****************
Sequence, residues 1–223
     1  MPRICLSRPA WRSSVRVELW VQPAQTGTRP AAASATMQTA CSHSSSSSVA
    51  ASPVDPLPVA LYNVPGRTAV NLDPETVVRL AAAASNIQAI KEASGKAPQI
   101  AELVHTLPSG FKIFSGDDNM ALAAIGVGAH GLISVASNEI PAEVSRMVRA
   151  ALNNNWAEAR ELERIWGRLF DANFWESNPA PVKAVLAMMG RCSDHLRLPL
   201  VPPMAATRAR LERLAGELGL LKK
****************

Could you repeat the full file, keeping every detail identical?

Sequence, residues 1–223
     1  MPRICLSRPA WRSSVRVELW VQPAQTGTRP AAASATMQTA CSHSSSSSVA
    51  ASPVDPLPVA LYNVPGRTAV NLDPETVVRL AAAASNIQAI KEASGKAPQI
   101  AELVHTLPSG FKIFSGDDNM ALAAIGVGAH GLISVASNEI PAEVSRMVRA
   151  ALNNNWAEAR ELERIWGRLF DANFWESNPA PVKAVLAMMG RCSDHLRLPL
   201  VPPMAATRAR LERLAGELGL LKK